In practices like acupuncture, tai chi, and feng shui, chi is manipulated or harmonised to achieve health, well-being, and environmental balance. These practices are based on the understanding that chi flows through channels or pathways in the body or space and can be influenced by various factors, including physical alignments, balance of elements, and mental and spiritual states.

A Metaphysical Perspective
From a metaphysical standpoint, chi could be considered an all-encompassing energy, integral to the fabric of existence, transcending physical properties like electric charge. This view aligns with the Eastern spiritual and philosophical traditions where chi is an integral concept, guiding principles of living and well-being.

Qi, as conceptualized in feng shui and traditional Chinese medicine, doesn’t have a direct counterpart in the realm of scientific measurement that you would find in physics or chemistry. It’s a philosophical and metaphysical concept that encompasses more than just a measurable entity.

Definition and Nature of Qi

Philosophical Aspect: Qi is traditionally understood as the vital life force that circulates through all things and is essential to their functioning and vitality. It is often described as the force that animates life and flows through pathways in the body known as meridians, similar to how blood flows through vessels.

Manifestation in the Environment: In feng shui, qi refers to the energy in spaces that affects the health, wealth, and happiness of those living there. It’s believed to be influenced by the arrangement of space, orientation, and environmental factors.

Attempts to Understand Qi Scientifically

Scientific Exploration: While traditional descriptions of qi do not align directly with empirical scientific methods, some researchers have attempted to study aspects of qi or similar concepts using the principles of bioelectromagnetics, psychology, and physiology. For example, the effects of acupuncture (a practice based on manipulating qi through meridians) have been studied for their impacts on pain relief and neural activity, suggesting physiological changes that might correspond to these traditional concepts.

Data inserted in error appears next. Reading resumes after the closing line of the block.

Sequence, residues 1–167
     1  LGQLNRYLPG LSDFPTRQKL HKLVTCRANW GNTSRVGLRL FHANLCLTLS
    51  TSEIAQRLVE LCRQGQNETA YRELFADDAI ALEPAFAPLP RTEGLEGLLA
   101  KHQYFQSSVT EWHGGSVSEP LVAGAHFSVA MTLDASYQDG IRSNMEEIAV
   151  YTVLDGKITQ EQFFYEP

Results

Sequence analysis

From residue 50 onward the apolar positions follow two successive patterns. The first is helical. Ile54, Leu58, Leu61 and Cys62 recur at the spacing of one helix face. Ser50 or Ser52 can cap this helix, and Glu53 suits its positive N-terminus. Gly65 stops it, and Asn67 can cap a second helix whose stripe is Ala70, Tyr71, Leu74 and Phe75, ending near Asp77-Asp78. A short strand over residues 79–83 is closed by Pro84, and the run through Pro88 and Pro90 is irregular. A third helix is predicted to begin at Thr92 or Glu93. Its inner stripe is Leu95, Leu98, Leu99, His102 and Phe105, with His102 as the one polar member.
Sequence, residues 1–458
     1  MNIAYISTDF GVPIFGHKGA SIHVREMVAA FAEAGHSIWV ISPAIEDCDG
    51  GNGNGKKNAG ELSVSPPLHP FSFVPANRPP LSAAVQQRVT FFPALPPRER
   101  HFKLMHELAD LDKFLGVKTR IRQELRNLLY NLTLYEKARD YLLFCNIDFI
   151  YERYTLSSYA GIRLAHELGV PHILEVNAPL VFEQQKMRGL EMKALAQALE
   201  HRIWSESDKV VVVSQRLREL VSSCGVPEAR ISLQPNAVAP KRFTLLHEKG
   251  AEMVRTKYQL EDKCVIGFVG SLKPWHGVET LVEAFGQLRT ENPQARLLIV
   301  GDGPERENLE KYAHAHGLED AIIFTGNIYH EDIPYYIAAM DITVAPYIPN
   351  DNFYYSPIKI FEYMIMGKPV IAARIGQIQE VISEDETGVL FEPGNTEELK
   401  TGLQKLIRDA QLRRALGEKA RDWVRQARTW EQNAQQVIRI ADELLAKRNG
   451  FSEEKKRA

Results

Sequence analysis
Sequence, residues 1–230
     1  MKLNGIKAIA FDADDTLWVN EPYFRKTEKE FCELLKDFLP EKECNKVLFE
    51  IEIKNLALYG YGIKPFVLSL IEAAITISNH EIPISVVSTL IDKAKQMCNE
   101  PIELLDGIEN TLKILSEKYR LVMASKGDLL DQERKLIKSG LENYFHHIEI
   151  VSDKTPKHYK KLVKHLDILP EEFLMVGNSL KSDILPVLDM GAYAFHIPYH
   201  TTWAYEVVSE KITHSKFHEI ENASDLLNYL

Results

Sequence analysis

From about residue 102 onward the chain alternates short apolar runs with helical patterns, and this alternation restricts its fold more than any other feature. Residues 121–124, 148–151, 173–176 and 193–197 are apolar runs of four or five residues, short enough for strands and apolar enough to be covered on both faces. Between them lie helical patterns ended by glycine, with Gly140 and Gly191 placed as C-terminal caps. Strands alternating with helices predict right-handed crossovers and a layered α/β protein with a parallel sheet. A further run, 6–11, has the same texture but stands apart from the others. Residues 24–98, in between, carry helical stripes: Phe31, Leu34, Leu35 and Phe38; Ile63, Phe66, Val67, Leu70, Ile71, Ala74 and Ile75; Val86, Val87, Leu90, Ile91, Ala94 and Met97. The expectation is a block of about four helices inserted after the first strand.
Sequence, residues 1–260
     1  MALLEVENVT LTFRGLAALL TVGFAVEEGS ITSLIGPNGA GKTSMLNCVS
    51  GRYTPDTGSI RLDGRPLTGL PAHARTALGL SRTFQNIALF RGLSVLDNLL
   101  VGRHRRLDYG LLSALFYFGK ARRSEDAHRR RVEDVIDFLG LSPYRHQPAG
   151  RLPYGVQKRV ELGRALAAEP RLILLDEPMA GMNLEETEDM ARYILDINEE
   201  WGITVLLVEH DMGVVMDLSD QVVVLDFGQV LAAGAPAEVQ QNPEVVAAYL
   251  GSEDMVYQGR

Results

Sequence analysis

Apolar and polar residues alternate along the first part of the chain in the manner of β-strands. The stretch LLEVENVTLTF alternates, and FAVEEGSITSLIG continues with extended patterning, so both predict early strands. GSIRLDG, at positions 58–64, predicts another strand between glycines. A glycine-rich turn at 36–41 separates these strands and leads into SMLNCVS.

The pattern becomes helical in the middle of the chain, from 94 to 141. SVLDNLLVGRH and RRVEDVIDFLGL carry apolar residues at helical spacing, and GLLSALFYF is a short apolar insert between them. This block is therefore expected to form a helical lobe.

Measurability Challenges: Despite these studies, qi remains a concept that eludes direct measurement or quantification in scientific terms. Its effects are often described in subjective terms or through personal experience rather than through the objective, quantifiable data that characterize scientific inquiry.

Modern Interpretations

Integrative Perspective: Some modern practitioners of feng shui and Chinese medicine view qi more symbolically or metaphorically, aligning it with concepts of energy in a broader, more abstract sense. They may discuss qi in terms of energy flow and balance, aligning it with psychological well-being and environmental comfort rather than a physical force measurable by instruments.

In conclusion, while qi is a central concept in feng shui, its definition and understanding are rooted in cultural, philosophical, and spiritual contexts rather than scientific empiricism. This doesn’t diminish its value or importance to those who practice and believe in feng shui, but it does mean that qi operates within a different framework from scientific concepts like electric charge or energy as defined by physics.

While the comparison of chi to electric charge is intriguing, it’s important to acknowledge the limitations of such analogies. Chi, in the context of Eastern philosophies, extends beyond the realm of physical properties and measurable forces. It is a concept deeply rooted in a holistic understanding of the universe, where every entity and space is interconnected through this vital force. This understanding of chi encourages a broader perspective, where the focus is on balance, harmony, and the subtle interplay of energies in our lives and environments.

More energy = more everything

Obviously, others and poets talked about similar insights. For example,  William Blake said beautifully and concisely, “The World, when every particle of dust breathes forth its joy.” echoing the consilience of knowledge and wisdom, matter and consciousness. And then Blake marvels at “How do you know but ev’ry Bird that cuts the airy way, Is an immense world of delight, clos’d by your senses five?”

“Information is physical.” Rolf Randaur

Charge is chi / qi. Watch how charge affects water droplets.